What's the point of being rich if you can't have fun? ¯\_(ツ)_/¯

Beeple NFT Follow-up to the Follow-up

Byrne Hobart (sub $):

Amy Castor has a more meta look at what drives NFTs: the headline-grabbing $69m Christie's auction for an NFT was won by a business partner of the artist, who operates a digital art fund. It's painting the tape, a way to get a widely-recognized high price for one asset, executed by someone who owns other assets in the same class.

This revelation of likely shenanigans is very unsurprising and reminds me of the peak-ICO era a few years ago:

High-Quality Classifieds, Koyfin Edition 🚀 ⌨️ 🖥 🖱

Koyfin has two job openings for high-level engineering positions.

Who will be lucky enough to help build the best financial data & visualization platform in the world?

Here are the full listings:

If that’s not your skillset, but you know who might fit the bill, please let them know.

If you want to know more about Koyfin, you can read my interview with the co-founders here.


🔬 & 💻

‘Cities at Sea: How Aircraft Carriers Work’

12-year-old me would’ve watched this video a thousand times.

‘Magic Mushrooms Are Decriminalized in DC as of [March 15, 2021]’

DC Initiative 81, which passed with overwhelming support last fall, goes into effect Monday, March 15. Under the Entheogenic Plant and Fungus Policy Act of 2020, natural psychedelics including magic mushrooms, ayahuasca, and mescaline are decriminalized, making arrests for their possession or use the lowest priority for DC police. (Source)

#ShroomBoom

Cloudflare on ARM: Testing Ampere Altra vs AWS Graviton2

Over three years ago, we embraced the ARM ecosystem after evaluating the Qualcomm Centriq. The Centriq and its Falkor cores delivered a significant reduction in power consumption while maintaining a comparable performance against the processor that was powering our server fleet at the time. By the time we completed porting our software stack to be compatible with ARM, Qualcomm decided to exit the server business. Since then, we have been waiting for another server-grade ARM processor with hopes to improve our power efficiencies across our global network, which now spans more than 200 cities in over 100 countries. [...]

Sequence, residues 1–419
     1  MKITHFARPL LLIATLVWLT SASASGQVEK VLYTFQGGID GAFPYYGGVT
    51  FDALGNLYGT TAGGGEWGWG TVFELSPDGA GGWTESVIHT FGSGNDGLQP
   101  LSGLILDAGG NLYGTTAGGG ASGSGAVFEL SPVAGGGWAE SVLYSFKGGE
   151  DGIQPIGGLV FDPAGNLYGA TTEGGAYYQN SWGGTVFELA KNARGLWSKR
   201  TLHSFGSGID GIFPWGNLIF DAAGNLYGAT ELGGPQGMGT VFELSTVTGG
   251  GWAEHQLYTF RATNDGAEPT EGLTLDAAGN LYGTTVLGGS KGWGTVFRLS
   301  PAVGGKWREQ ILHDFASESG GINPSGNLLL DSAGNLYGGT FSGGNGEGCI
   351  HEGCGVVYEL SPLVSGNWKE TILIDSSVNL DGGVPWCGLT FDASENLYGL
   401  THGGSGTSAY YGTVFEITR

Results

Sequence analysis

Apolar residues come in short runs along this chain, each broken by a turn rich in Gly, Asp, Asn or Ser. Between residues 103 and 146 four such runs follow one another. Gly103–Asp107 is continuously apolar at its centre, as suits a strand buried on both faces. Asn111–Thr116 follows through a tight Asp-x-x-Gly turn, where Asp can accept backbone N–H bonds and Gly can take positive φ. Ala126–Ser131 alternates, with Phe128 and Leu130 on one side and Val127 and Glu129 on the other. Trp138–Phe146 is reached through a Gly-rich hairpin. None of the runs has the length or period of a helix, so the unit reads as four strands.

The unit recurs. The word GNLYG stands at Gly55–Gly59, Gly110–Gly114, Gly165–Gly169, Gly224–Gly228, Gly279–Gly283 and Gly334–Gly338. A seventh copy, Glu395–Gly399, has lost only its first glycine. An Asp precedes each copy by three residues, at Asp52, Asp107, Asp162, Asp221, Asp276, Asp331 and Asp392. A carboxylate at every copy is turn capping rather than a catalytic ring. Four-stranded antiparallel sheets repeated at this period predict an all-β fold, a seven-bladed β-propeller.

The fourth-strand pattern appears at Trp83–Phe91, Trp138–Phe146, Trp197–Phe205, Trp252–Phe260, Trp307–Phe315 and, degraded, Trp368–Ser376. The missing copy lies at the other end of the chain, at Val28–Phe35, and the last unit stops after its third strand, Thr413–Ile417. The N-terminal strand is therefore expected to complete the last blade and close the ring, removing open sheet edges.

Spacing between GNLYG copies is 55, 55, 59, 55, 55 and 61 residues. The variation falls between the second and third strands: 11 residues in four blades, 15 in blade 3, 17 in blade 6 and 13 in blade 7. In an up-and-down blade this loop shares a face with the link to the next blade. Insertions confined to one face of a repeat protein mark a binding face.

Ampere licensed the Neoverse N1 platform to create the Ampere Altra [...] We have been working with Ampere to determine whether Altra is the right processor to power our first generation of ARM edge servers.

The AWS Graviton2 is the only other Neoverse N1-based processor publicly accessible, but only made available through Amazon’s cloud product portfolio. We wanted to understand the differences between the two, so we compared Ampere’s single-socket server, named Mt. Snow, equipped with the Ampere Altra Q80-30 against an EC2 instance of the AWS Graviton2. (Source)

It gets pretty geeky with lots of benchmarks, and while the Altra performs well and beats the Graviton2 because of its higher clock speed and core count, on a core-for-core and frequency adjusted basis, the Graviton2 seems to be doing quite well.

AWS appears to have quite a good silicon design team — I wonder why they don’t clock the Graviton2 higher, since its fabbed by TSMC on the same process as the Altra. Maybe they just pack them more densely with multi-socket boards..?

I’ll be curious to see if Cloudflare decides to go with the Altra or waits for something else before migrating some of its servers to ARM.

h/t Brad Slingerlend

Timelapse of SpaceX Starship SN10 test flight

Spacex is getting very close to landing these Starship prototypes. They lost three Starships currently SN8,SN9 & SN10. It’s estimated that Starship is four times as expensive as a Falcon 9 so a very rough cost is about $280 million for each Starship prototype.

Source.


🎨 & 📜

Just a Cool Diving Osprey Photo

Pulling a dive bomber move on some unsuspecting fish.

The osprey is piscivorous, with fish making up 99% of its diet. [...]

The osprey is the second most widely distributed raptor species, after the peregrine falcon [...]

Ospreys have vision that is well adapted to detecting underwater objects from the air. Prey is first sighted when the osprey is 10–40 m (33–131 ft) above the water, after which the bird hovers momentarily then plunges feet first into the water. They catch fish by diving into a body of water, often times completely submerging their entire bodies. As an osprey dives it adjusts the angle of its flight to account for the distortion of the fish's image caused by refraction.

Also known as the sea hawk, river hawk, and fish hawk…

h/t LogicPrevails

Can you do a portrait of a building?

I just like it. Disappearing in the fog (I think this is in London, but not 100% sure).

Photographer: Curtis Jehsta

Transverse Flute in Jazz

I just discovered the album ‘Broken Doll Beat’ (2010) by The Fongetz Foundation, and it made me realize that I like transverse flute in jazz (at least, when it’s done well).

It’s actually kinda weird that it isn’t a more popular instrument in the genre, because it fits right in.

Here’s a song as an example of what I mean (there’s a nice flute solo starting around 1min30 into it):